Obama was right about the horrors of the Iraq aggression and Mr. Cheney. This is the worst, most destructive and dangerous thing initiated by American leaders – it includes official torture, extraordinary rendition and trashing international law which American had previously fought for – in the post-World War II era. But this speech, by an American President aiming rightly to defeat a belligerent self-destructive hegemonic argument, also erred on or left many deep issues in shadow. As my student Habib Zahori (an Afghani, who has reported for the Times) pointed out, Obama, shockingly, omitted, for example, American genocide in Vietnam (some two million Vietnamese died because of the American invasion ).
“Block out the noise,” Obama said to the Congress, the empty clamor for aggression. He is right.
Now some of the critics (this includes Democrats like Schumer on the take from Netanyahu and AIPAC
and, in fact, willing to endanger Israelis by pursuing Netanyahu’s “conquest of the realm”) demand some other, supposedly “better agreement.” But Obama underlined that diplomacy worked here only because all the powers were concerned with Iran getting a nuclear weapon and altering the status quo in the Middle East. That status quo includes a nuclear armed Israel, and as Obama emphasized, a far more formidable power in conventional military terms than Iran, one to be aided further by Obama as the most supportive President, in terms of arms, in modern times. The multilateral sanctions regime which exerted such pressure on Iran that they agreed to this deal was focused solely on eliminating Iran’s search (if it exists) for a nuclear weapon.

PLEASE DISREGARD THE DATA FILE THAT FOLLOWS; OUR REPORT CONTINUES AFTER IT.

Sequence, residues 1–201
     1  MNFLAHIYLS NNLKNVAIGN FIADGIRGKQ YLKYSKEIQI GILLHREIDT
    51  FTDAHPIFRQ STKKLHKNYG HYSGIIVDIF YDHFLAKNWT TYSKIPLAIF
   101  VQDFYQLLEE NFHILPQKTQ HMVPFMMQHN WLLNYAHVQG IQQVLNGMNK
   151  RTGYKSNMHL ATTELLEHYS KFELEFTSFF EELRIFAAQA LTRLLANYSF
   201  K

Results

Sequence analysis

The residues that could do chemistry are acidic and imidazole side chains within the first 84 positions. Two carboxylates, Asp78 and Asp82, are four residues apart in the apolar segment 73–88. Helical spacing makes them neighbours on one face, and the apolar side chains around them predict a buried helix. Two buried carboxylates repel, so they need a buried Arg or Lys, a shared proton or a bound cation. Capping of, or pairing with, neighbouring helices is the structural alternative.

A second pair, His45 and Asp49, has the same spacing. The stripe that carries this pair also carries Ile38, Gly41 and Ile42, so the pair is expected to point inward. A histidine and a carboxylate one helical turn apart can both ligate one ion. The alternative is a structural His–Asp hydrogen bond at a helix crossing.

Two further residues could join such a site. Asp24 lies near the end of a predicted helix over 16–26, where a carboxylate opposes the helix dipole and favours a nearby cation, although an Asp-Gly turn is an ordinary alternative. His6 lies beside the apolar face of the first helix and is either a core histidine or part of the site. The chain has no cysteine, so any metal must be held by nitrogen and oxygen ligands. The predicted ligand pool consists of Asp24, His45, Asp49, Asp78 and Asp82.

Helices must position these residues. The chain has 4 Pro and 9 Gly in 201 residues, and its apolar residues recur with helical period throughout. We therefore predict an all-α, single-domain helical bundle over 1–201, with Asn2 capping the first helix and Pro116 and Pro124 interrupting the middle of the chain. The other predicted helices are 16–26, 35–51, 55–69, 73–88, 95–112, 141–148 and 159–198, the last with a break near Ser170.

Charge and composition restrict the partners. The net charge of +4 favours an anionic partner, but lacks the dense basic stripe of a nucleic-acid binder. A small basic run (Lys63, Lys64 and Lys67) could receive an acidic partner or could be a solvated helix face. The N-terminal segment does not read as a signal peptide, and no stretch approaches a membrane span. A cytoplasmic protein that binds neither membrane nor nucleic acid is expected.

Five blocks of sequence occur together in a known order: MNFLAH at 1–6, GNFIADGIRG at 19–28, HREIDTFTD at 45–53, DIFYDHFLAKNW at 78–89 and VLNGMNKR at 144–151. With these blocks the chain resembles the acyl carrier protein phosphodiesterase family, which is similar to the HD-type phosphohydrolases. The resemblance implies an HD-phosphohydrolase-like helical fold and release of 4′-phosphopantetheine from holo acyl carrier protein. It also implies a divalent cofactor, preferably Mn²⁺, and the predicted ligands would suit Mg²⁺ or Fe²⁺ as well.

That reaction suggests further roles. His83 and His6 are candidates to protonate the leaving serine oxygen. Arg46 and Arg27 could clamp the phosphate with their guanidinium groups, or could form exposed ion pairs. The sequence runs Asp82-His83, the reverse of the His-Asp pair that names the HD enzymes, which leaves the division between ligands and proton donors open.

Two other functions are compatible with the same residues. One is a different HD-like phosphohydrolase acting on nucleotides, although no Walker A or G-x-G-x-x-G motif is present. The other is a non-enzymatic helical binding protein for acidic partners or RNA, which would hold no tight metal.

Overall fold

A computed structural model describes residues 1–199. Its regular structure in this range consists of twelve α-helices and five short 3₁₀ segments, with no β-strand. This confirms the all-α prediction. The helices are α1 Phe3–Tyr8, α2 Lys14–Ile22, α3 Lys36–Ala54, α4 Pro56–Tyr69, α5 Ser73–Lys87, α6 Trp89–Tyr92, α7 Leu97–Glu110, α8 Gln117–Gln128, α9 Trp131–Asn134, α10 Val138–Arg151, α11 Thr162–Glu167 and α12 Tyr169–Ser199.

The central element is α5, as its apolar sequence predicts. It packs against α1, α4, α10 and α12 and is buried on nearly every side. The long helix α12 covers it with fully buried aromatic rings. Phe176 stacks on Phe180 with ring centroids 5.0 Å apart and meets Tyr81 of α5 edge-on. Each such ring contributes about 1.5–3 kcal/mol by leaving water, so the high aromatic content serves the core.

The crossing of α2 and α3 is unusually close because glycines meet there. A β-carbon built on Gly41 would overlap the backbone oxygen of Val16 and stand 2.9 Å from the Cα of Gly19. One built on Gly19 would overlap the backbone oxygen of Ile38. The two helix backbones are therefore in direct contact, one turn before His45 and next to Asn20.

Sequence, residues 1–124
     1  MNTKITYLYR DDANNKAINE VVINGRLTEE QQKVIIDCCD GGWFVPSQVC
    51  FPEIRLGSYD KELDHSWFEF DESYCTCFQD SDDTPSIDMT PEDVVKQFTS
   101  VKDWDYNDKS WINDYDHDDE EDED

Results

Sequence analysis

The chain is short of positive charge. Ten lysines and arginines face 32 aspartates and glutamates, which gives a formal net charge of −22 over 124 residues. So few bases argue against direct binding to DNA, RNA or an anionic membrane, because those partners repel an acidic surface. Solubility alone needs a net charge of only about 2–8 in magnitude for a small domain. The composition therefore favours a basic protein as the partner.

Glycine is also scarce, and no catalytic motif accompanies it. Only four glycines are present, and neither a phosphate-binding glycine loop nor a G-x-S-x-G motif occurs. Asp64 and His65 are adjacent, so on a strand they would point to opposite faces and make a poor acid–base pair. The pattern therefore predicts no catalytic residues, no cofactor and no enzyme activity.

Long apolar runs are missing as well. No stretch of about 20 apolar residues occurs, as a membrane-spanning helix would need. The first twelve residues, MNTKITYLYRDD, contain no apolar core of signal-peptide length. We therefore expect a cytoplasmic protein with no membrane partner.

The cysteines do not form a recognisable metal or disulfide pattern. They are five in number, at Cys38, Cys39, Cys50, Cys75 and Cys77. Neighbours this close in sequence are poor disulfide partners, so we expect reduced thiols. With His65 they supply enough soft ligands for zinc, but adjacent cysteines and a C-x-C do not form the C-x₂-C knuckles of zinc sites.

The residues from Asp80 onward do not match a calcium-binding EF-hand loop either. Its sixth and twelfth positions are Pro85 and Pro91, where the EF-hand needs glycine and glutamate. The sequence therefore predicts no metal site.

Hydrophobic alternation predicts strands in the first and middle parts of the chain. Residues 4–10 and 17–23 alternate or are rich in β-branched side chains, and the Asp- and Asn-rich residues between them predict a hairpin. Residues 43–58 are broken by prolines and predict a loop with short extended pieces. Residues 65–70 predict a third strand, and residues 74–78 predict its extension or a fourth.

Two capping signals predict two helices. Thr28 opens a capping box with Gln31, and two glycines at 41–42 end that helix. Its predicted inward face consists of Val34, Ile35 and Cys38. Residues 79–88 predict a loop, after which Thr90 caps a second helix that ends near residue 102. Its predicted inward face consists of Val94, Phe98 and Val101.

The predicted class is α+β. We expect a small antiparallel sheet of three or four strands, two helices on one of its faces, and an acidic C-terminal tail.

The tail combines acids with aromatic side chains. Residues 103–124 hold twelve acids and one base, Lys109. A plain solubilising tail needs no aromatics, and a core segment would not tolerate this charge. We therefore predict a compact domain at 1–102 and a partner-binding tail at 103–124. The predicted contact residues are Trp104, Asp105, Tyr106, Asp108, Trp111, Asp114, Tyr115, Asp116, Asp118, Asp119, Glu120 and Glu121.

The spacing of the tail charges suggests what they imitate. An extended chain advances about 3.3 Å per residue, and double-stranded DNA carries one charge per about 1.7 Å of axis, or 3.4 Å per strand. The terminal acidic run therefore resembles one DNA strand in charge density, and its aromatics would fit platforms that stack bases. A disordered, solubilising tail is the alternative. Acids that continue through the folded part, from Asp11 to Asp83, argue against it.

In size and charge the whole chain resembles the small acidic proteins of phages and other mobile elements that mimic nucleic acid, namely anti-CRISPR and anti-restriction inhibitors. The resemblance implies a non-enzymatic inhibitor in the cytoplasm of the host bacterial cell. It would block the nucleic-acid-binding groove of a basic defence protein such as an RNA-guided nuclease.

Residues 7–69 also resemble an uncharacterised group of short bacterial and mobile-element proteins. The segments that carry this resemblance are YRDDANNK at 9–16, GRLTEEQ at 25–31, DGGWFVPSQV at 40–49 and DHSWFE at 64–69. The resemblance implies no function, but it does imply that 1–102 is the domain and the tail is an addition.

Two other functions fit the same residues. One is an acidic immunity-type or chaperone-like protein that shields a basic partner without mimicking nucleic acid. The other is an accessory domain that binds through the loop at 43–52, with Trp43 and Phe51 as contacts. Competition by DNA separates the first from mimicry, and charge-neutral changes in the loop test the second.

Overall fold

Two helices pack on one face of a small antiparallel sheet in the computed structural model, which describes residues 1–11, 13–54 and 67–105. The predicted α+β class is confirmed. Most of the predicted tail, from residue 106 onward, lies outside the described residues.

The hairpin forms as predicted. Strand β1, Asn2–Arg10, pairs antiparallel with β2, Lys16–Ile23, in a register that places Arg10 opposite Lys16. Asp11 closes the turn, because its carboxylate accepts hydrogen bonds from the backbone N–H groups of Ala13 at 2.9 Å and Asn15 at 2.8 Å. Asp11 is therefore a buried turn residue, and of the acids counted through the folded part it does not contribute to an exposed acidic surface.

Hence sanctions by other powers also end with this agreement. For that is why they originally stepped up, at Obama’s urging, the sanctions. One cannot have a Treaty which achieves the goal explicitly sought by all the allies and then keep the partners agreeing to punish Iran forever to achieve the American/Israeli Right’s goal of regime change or war.Further if the American Congress sabotages this Treaty, Iran will appear to others to be in the right., the power willing to pursue, at some sacrifice, peace and America governed by an irrational Congress/Israeli government influence, hopelessly belligerent, a pawn of Netanyahu (or Adelson, his funder).
Obama speaks of his career-long defense of Israel and, rightly, of the need of an American President to act on his best judgment – in this case a very well-argued and decent judgment –
of America’s interests, not the Israeli leader’s judgment. That this even has to be said – even while America arms the illegitimate and immoral Israeli Occupation of Palestine – is sad… Netanyahu’s policy of trying to defeat Obama is ugly and is dangerous for most Israelis (and is likely to produce widespread revulsion in the United States if the Congress succeeds in rejecting the Treaty, a long and losing war ensues…).
Now, other countries like Germany will gain in trade by immediately opening to Iran. Thus, instead of a dramatic agreement which bars Iran from seeking a weapon forever and imposes inspections for 15 years – and if there is evidence that Iran is doing so, Obama underlined, the US can act swiftly, militarily even, to do something about it – Iran can instead move quickly to produce such a weapon and with large international sanctions relief as well as widespread sympathy (again, there is not clear evidence, according to Western and Israeli intelligence that Iran is now doing or would do so…). Now Ahmedinijad (though not the Supreme Leader), was, as Obama